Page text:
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Mittelmann, B. (1960). Symposium on Disturbances of the Digestive Tract—V. Psychosomatic Disorders, Psychosis, and Therapeutic Accessibility. Int. J. Psycho-Anal., 41:465-466.

(1960). International Journal of Psycho-Analysis, 41:465-466

Symposium on Disturbances of the Digestive Tract—V. Psychosomatic Disorders, Psychosis, and Therapeutic Accessibility

Bela Mittelmann

In this presentation four intertwining problems will be discussed, based on six peptic ulcer patients: (i) the specific dynamics of psychosomatic disorders; (ii) their relationship to psychosis; (iii) their psychophysiology; and (iv) the problem of therapeutic accessibility.

Both the specific psychodynamics of and the relationship between psychosomatic disorders and psychosis can often be constructed on the basis of dominant behaviour patterns and dreams. In other instances they are constructed on the basis of current reactions or memories, both emerging in the course of psycho-analytic treatment. A brief example of the latter kind will be given here. A 35-year-old physician did an excellent job as Second-in-Command of a military hospital. The old Commander was then replaced by a high-handed martinet, who cancelled most of my patient's orders, and caused confusion and uncertainty in the hospital. My patient was caught in the double conflict of letting down the whole staff by not standing up against the Commander and thus incurring their disapproval, or standing up against the Commander and risking his whole military position. In this dilemma he developed a peptic ulcer on the posterior wall of the duodenum. There was no flavour of psychosis in his emotional reaction at this point.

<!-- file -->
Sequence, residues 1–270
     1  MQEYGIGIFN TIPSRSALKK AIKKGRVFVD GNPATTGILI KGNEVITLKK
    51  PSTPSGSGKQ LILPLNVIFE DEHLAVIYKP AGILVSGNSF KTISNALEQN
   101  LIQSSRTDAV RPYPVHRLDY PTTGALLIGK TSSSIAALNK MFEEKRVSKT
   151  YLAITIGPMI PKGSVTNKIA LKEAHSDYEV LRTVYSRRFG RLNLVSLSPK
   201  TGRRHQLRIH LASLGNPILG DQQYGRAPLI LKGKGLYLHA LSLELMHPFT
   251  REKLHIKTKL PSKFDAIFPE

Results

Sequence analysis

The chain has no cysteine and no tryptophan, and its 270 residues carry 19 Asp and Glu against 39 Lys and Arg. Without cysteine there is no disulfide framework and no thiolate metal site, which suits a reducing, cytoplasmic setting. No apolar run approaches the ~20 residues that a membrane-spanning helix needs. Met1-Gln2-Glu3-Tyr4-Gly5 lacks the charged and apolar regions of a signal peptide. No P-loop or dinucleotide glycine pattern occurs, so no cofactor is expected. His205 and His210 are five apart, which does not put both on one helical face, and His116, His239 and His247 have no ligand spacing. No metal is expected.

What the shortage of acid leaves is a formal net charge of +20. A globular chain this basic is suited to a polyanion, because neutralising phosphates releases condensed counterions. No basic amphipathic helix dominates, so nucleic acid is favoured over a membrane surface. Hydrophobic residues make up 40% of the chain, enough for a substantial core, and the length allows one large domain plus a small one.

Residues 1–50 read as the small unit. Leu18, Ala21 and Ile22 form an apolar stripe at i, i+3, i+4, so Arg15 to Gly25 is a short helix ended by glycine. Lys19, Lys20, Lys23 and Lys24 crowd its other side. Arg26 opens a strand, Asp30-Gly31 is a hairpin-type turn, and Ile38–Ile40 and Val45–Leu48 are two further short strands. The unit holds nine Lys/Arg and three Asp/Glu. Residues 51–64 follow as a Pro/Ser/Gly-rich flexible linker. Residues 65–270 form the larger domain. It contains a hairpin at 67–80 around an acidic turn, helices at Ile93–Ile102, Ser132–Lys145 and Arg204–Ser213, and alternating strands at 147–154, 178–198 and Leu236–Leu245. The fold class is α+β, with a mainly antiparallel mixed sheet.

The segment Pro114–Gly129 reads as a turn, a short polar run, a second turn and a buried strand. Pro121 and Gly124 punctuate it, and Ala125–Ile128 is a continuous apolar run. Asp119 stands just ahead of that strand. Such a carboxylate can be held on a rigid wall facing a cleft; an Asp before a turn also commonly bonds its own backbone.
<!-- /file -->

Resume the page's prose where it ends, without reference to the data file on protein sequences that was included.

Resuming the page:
As a result of considerable analytic work, two dominant memories emerged from his childhood. One was seeing his sister two years younger being nursed by his mother, with the patient tugging at her skirt.

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